“The idea is to spray small droplets (aerosols) containing sulphate compounds into the stratosphere,” explains De Vries. “Similar particles are released into the top layers of air when volcanoes erupt and they cool down the planet. One of the questions we looked at is how to get the droplets there. You need aeroplanes that can fly at 20 kilometres altitude. This is a challenge as the air at that altitude is very thin.  The aeroplanes would have to have huge wing surface areas.”

‘A dissenting voice keeps everyone on their toes’

De Vries and Janssens believe that this type of research is highly important. They do not want us to be empty handed if the Paris climate goals are not attained. “Please note that we are absolutely not saying that these technologies should be used,” says Janssens. We do not as yet know if the advantages weigh up against the risks. More research is needed for this.”

The TU Delft engineers recognise that there are risks to climate engineering. “So it is good to hear dissenting voices,” says Janssens. “It keeps everyone on their toes. You do not want countries to not do their best to reduce their CO2 emissions because they are pinning their hopes on climate engineering.”

De Vries, on the other hand, believes there could also be a reverse psychological effect in which people think that things really are getting serious if there are discussions about mirrors in the stratosphere. "They will then realise that we really have to do something about the greenhouse gases.”

The researchers believe that the perception that climate engineering may be unfair needs to be more nuanced. “Climate change is really unfair,” says De Vries. “It is impacting some parts of the world more seriously than others. So if we take action in the places where the need is the greatest, we can reduce the worst excesses of climate change. And this, of course, needs to be managed properly internationally.”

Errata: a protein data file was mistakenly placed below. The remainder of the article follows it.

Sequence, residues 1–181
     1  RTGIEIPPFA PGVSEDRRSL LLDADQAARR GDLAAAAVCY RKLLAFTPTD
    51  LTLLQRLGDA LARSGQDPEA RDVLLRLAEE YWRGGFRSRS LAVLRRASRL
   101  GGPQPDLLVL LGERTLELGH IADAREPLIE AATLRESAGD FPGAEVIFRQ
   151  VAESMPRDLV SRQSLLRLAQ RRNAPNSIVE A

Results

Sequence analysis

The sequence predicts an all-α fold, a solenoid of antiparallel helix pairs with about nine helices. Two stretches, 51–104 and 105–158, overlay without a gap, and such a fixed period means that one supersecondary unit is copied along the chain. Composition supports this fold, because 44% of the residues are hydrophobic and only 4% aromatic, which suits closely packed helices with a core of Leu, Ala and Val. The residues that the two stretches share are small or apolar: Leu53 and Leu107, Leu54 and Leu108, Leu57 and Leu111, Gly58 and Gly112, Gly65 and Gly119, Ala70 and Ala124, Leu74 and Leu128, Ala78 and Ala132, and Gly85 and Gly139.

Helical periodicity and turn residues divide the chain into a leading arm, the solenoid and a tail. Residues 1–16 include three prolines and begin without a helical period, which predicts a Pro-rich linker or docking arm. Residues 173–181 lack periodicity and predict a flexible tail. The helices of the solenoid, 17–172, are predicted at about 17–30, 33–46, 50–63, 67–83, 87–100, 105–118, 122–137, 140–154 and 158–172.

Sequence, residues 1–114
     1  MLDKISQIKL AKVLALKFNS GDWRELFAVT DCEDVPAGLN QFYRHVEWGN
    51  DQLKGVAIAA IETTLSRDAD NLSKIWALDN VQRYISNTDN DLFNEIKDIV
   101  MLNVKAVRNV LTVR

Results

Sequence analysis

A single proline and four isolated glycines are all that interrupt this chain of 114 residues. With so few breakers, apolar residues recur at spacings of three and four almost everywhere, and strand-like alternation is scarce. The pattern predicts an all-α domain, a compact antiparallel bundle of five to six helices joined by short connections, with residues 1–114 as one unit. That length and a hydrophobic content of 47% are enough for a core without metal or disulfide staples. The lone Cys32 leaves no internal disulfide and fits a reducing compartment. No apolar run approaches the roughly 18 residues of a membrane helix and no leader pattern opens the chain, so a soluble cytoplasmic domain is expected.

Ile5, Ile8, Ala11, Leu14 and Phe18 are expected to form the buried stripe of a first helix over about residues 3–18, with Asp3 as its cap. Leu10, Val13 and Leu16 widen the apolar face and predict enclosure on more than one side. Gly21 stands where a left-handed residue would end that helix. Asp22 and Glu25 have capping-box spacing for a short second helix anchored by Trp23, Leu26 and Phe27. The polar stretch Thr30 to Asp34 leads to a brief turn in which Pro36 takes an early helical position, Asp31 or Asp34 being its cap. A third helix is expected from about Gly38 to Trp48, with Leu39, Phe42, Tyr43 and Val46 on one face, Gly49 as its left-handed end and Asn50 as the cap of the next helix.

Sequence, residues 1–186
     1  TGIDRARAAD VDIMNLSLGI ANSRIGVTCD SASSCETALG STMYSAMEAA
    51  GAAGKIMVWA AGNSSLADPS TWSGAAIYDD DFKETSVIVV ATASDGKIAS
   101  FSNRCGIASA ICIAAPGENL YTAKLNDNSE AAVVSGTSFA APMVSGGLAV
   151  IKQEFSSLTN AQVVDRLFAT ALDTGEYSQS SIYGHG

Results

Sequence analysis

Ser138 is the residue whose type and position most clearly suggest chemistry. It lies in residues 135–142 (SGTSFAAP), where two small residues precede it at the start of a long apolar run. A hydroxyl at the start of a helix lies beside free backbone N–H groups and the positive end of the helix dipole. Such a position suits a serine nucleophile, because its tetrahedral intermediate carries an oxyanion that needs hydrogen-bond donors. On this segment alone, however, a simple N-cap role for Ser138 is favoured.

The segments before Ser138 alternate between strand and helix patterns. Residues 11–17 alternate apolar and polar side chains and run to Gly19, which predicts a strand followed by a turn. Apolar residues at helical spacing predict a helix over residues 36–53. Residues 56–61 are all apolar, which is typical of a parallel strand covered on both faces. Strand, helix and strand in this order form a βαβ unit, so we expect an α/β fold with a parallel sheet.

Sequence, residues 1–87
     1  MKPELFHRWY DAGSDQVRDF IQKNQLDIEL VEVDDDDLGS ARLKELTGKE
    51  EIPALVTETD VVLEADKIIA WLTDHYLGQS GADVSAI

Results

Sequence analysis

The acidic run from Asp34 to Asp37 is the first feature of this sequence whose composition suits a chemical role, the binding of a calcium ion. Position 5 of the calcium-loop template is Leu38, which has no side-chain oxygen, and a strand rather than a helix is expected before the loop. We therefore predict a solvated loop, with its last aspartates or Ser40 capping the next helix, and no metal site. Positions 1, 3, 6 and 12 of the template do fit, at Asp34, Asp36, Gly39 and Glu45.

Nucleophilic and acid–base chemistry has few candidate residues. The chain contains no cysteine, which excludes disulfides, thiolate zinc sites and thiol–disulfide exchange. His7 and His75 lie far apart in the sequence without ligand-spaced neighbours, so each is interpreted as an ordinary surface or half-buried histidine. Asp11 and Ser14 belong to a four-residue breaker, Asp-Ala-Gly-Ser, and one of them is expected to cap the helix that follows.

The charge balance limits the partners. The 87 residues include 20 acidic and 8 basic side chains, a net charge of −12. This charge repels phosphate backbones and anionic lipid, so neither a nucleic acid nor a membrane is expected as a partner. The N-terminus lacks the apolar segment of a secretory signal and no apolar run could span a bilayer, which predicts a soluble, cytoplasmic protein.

‘You don’t want to close the stable door after the horse has bolted’

Professor of Atmospheric Remote Sensing Herman Russchenberg agrees heartily. “It is far better to do research into climate engineering now than not do it. If you do not do it you will be closing the stable door after the horse has bolted. If other countries do do research and subsequently use it while you have stood by the sidelines, you do not have a leg to stand on. It is better to be involved internationally. This will reduce the chance that each country goes its own way.”

The effects of climate engineering are uncertain, admits Russchenberg too. “I certainly do not advocate starting to use aerosols today. We need to assess the technologies so that we can take well founded decisions later as to whether we will or will not deploy these types of measures. There are major uncertainties around the climate models. If we face higher temperatures in 2050 than expected, it would be good if we can take some action. That said, it would of course be a huge blunder to not focus on reducing CO2 emissions now.”

The three TU Delft engineers and their colleagues at the Universities of Utrecht and Wageningen are working on a response to Biermann and his supporters.